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There are many definitions of “integrative” health care, but all involve bringing conventional and complementary approaches together in a coordinated way. According to National Center for Complementary and Integrative Health the use of integrative approaches to health and wellness has grown within care settings across the United States. Researchers are currently exploring the potential benefits of integrative health in a variety of situations, including pain management for military personnel and veterans, relief of symptoms in cancer patients and survivors, and programs to promote healthy behaviors.

Healthy behaviors, such as eating right, getting enough physical activity, and not smoking, can reduce people’s risks of developing serious diseases. Can integrative approaches promote these types of behaviors? Researchers are working to answer this question. Preliminary research suggests that yoga and meditation-based therapies may help smokers quit, and NCCIH-funded studies are testing whether adding mindfulness-based approaches to weight control programs will help people lose weight more successfully.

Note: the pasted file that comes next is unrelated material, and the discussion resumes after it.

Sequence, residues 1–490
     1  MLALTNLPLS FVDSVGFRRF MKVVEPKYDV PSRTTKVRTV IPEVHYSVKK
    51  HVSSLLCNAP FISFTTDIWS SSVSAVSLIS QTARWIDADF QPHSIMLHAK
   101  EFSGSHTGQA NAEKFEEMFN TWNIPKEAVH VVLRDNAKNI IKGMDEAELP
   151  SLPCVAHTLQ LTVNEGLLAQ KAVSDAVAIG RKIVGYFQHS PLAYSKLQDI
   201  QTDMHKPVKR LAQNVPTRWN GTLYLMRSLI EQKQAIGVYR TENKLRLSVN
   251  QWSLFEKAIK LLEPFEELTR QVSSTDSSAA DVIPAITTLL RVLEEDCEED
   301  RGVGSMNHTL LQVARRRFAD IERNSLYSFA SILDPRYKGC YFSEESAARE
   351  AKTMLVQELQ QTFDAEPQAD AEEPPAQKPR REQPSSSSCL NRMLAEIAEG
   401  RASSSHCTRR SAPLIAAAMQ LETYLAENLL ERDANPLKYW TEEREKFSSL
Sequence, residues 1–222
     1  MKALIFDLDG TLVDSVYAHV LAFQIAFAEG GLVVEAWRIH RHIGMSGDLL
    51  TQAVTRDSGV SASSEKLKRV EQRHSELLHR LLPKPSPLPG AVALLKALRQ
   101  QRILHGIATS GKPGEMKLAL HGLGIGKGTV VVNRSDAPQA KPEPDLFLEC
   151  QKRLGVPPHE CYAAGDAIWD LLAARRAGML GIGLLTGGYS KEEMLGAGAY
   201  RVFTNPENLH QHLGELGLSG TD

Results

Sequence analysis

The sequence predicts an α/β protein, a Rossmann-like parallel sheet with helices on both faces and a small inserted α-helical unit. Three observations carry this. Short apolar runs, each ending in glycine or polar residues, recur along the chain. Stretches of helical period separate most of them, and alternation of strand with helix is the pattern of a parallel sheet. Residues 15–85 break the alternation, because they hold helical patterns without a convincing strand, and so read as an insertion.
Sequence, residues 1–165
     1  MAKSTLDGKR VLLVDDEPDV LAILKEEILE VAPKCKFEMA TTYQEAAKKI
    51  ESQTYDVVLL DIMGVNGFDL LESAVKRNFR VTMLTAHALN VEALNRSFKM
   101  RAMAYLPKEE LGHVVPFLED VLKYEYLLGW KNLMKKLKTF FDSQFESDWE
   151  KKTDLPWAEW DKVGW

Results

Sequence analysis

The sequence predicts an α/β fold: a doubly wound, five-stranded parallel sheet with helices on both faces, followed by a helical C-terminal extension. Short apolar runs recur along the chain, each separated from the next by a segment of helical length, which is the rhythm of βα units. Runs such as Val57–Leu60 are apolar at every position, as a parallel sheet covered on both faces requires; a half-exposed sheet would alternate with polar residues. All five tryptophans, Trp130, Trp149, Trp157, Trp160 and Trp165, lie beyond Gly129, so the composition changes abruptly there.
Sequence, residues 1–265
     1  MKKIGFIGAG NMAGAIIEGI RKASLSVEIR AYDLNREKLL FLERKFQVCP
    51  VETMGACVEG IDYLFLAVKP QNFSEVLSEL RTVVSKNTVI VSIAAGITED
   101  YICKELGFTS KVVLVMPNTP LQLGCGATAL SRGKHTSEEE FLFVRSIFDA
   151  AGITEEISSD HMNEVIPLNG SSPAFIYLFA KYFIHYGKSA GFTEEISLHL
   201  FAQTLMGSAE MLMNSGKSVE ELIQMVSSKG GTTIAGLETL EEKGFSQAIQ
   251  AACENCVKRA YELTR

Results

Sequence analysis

Most integrative medicine approaches fall into one of two subgroups — natural products or mind and body practices. According to the 2012 National Health Interview Survey (NHIS), which included a comprehensive survey on the use of complementary health approaches by Americans, 17.7 percent of American adults had used a dietary supplement other than vitamins and minerals in the past year.

You can discover and connect with integrative medicine doctors at syncH.

Photo credit by Jenny Hill on Unsplash

About the Author

Aras Toker

Aras Toker

Crohn's Disease survivor, lifehacker, people connector, soccer fan, passionate about holistic medicine, believer in mind-body-soul connection